Bragg Centenary Celebrations

How a Father and Son Changed the World

Science as we know it at Diamond began 100 years ago, when a father and son team became the first to use a technique called X-ray crystallography. William and Lawrence Bragg discovered that by exposing crystals to X-rays, they could use the pattern produced to reveal exactly how the atoms were arranged. From this, the hugely influential Bragg’s law was deduced, which provides a formula by which scientists can work out the atomic structure of a sample based on the diffraction pattern created when X-ray light passes through it.

X-ray crystallography has fostered some of the most important advances of modern science. From the race to solve the structure of DNA to contemporary research into HIV and cancer treatments, the Braggs’ work has supported countless scientific advances and shaped the modern world.

Diamond Light Source wouldn’t exist were it not for the Braggs’ work. And so on this, the 100th anniversary of the creation of Bragg’s Law, the synchrotron played host to celebrations that paid tribute to the team’s contributions to science.

As part of the STFC’s Talking Science series, Diamond organised a public lecture on the Braggs’ life and work, featuring John Jenkin, expert on the Braggs and Professor Thomas Sorensen, a Diamond scientist indebted to the Braggs for their work on crystallography. Patience Thomson, daughter of Lawrence Bragg, was our special guest for the evening.
John Jenkin has written the world’s most comprehensive account of the lives of William Henry and Lawrence Bragg. For John, the story of the Braggs is one of great achievements coupled with a lack of recognition. “The Braggs pioneered and then led the worldwide use of X-ray crystallography to explore the inner structures of the huge variety of materials that make up our world”; he continues, “I’m driven to this research by what seems to me inadequate recognition for the huge contribution this father and son team made to the scientific community and the world”.
John sought to remedy this historical oversight by chronicling the life and times of the pair in his book William and Lawrence Bragg, Father and Son, which recounts the history of the Bragg family, the complex relationship between father and son, and the years leading up to their monumental discovery. John also starred in Diamond’s Bragg centenary celebrations, delivering a series of lectures that brought the story of the pair to a combined audience of approximately 400.
Patience Thomson is the daughter of Lawrence Bragg, who was the younger of the Bragg team. Patience remembers her father as a kind man, who loved his family as dearly as he loved his work. She recalls, “he would always be happy to do the washing up, because he had some of his best ideas at the sink”! Patience spent a lot of time with her father and has very fond memories of him. He encouraged her and told her she could do anything she set her mind to; with just a word of fatherly caution that it was necessary to find out as much as you could about the mountain you were climbing so that you avoided reaching the summit and being disappointed by what you found there. Patience was joined at the Bragg centenary celebrations by her husband David Thomson, whose father George Thomson was a close friend of Lawrence Bragg and had himself won a Nobel Prize in 1937 for discovering that electrons also have a wave nature. David’s grandfather J.J. Thomson also won the Nobel Prize for his discovery of the electron.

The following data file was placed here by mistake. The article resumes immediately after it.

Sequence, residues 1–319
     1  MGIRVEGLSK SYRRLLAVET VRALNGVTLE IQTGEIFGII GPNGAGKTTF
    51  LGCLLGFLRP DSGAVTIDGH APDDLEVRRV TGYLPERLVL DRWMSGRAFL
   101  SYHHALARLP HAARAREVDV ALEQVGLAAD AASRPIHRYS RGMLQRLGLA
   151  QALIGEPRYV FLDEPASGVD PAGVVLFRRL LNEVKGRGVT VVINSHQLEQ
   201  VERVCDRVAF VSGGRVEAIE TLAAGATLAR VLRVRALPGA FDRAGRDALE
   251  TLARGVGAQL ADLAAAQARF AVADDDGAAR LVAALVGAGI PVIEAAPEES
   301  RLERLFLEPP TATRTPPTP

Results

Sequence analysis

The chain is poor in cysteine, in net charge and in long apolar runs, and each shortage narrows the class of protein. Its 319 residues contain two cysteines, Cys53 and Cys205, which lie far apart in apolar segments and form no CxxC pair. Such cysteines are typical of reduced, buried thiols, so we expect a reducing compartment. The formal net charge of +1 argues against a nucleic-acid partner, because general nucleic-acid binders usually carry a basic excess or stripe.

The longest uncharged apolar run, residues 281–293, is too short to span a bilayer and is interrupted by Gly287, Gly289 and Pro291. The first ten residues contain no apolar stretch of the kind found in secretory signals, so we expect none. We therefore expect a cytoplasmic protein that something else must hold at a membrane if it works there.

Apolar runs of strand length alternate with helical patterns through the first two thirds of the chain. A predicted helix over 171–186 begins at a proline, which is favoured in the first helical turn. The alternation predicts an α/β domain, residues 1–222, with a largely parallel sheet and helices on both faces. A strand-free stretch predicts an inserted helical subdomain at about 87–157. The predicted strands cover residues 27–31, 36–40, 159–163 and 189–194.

This impressive array of descendants and experts met to highlight the profound achievements of William Henry and Lawrence Bragg. Only now, a century after their greatest discovery, is the significance of the Braggs’ work being fully recognised. Without their research into X-ray crystallography and diffraction, we would be without some of the world’s most important discoveries, from antibiotics to space travel. The Braggs’ work revolutionised science in the twentieth century. Research that has used the ideas described in Lawrence Bragg’s 1913 paper has subsequently led to around 20 Nobel Prizes being awarded in the field of crystallography. They may have been overlooked by the annals of history, but they will not remain unsung heroes for long. Diamond’s Bragg centenary celebration have gone at least some of way to achieving for the Braggs the recognition they so rightly deserve.